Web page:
So what’s a Yamaha doing on Starfirekids.com?
Simple. These little monsters dominated the 440 class in the original, 1974 Sno-Pro series.
Larry Rugland described them as “3/4 scale sleds that were so light you could pick them up by the handlebars and carry them around”. Looking at this picture, it is easy to see that the sled is indeed really, really small.
Polaris dominated the series, with Hayes, Eastman and Omdahl ruling the 340 class. Donny and Bernat broke through for a few wins in 440, and all the Polaris drivers dominated the 650 class.
But if you read the press from back in the day, that all gets lost. What they kept writing about and taking pictures of was the Yamaha’s and of course, the Alouette Twin Tracker.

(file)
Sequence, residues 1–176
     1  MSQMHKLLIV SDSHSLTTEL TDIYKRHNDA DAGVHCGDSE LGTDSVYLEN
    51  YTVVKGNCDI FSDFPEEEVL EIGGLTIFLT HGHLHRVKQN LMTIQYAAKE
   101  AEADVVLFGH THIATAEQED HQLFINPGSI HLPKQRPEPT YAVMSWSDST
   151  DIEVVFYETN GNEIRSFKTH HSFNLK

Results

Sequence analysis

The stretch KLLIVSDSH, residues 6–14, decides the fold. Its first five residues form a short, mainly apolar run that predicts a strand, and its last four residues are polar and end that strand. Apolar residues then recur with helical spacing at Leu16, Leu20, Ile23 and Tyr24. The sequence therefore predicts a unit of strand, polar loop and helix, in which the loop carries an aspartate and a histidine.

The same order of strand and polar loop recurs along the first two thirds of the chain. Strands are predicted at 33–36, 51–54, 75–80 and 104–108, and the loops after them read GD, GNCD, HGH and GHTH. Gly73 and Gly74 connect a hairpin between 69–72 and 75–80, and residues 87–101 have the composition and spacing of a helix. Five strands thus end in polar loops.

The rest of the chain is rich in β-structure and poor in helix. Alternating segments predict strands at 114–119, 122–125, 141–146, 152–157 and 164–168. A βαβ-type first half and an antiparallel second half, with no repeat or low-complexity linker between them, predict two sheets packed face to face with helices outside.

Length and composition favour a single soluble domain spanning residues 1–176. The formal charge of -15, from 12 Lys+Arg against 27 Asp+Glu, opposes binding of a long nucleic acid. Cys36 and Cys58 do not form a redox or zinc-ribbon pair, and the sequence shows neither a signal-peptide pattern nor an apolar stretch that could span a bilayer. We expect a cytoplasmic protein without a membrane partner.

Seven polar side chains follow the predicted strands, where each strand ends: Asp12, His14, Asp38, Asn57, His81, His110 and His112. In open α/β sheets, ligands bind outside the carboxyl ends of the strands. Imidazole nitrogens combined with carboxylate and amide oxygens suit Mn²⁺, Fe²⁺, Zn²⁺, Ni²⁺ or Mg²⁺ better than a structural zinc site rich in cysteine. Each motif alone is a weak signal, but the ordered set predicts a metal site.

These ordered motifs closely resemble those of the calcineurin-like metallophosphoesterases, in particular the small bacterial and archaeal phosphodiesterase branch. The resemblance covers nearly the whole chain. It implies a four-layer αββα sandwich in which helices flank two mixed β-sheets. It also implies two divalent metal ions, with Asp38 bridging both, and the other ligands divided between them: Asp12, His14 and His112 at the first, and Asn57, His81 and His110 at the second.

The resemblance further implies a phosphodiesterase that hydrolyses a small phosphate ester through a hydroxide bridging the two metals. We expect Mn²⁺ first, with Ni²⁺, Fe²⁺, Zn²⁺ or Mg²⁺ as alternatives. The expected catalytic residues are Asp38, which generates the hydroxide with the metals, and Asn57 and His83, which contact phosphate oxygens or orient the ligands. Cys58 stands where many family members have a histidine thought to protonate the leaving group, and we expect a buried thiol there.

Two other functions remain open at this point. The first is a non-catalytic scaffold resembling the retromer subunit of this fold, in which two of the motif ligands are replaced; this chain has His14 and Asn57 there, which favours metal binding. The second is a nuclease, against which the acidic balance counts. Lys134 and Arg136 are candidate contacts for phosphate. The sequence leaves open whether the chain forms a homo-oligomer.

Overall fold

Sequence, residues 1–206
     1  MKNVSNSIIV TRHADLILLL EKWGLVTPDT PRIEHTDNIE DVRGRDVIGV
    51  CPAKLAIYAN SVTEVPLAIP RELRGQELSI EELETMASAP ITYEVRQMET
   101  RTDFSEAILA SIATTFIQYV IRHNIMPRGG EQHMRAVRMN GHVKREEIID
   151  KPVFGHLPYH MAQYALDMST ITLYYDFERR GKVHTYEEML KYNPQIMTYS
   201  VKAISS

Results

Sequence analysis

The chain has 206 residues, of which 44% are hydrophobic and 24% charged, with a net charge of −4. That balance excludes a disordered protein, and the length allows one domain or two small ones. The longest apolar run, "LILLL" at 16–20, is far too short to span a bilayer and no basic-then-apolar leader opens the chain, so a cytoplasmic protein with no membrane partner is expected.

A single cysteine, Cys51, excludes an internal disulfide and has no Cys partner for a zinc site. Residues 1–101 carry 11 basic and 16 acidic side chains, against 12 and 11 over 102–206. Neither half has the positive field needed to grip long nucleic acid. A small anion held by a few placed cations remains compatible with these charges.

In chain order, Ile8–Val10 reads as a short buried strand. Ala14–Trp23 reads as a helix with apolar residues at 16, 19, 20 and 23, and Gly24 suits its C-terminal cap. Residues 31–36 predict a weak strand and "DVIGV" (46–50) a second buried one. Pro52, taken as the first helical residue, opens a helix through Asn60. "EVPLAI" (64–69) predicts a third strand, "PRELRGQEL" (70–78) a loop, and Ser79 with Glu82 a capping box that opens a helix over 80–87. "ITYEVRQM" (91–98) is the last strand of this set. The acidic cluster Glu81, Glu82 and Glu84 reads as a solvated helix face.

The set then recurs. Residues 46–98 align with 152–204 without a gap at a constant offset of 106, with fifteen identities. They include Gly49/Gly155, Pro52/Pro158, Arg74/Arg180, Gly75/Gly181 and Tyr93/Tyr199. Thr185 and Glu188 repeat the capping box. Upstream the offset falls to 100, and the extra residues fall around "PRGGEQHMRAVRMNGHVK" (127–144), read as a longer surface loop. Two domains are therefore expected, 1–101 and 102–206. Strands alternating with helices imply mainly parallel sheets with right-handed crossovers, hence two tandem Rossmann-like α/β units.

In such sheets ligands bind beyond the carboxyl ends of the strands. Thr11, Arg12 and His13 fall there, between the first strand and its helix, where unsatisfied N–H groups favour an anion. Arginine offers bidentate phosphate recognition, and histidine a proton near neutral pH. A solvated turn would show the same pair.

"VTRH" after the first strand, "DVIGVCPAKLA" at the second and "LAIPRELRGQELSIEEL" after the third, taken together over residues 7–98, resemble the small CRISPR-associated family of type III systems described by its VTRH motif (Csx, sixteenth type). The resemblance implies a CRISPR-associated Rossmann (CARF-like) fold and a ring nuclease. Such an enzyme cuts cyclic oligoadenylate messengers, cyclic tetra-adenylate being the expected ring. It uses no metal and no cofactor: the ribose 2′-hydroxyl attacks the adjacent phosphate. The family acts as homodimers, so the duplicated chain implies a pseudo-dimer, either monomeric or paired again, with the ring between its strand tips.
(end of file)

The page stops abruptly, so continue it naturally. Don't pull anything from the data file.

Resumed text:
It was Polaris’s fault to an extent. The press pumped the series as being the most exotic of the most exotic. To most race fans, the 1974 Polaris Sno-Pro sleds looked like slightly improved 1973 Starfires. Polaris had elected to make a lot of subtle improvements to what they had the year before.. but under the paint there was some really big changes. Lighter materials, a refined clutch, better motors and pipes, and of course, the best of the best drivers and mechanics.
When the sleds first hit the track at Ironwood, Michigan in December of 1973, the Alouette stole the show with the fans and the press – and the little Yamaha’s were not too far behind in the Public Relations arena.
And let’s face it – the Yamaha’s were just blazingly fast in 440 and they beat Polaris fair and square. One cannot wonder what might have happened if Yamaha would have had a 340 and a 650.